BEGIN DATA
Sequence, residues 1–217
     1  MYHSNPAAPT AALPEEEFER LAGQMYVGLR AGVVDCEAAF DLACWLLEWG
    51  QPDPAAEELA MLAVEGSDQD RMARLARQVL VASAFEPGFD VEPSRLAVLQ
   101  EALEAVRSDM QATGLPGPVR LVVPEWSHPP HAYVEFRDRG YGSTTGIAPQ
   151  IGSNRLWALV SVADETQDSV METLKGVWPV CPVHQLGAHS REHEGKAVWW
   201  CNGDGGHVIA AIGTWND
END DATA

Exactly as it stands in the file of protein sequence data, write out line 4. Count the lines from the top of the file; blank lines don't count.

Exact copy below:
   101  EALEAVRSDM QATGLPGPVR LVVPEWSHPP HAYVEFRDRG YGSTTGIAPQ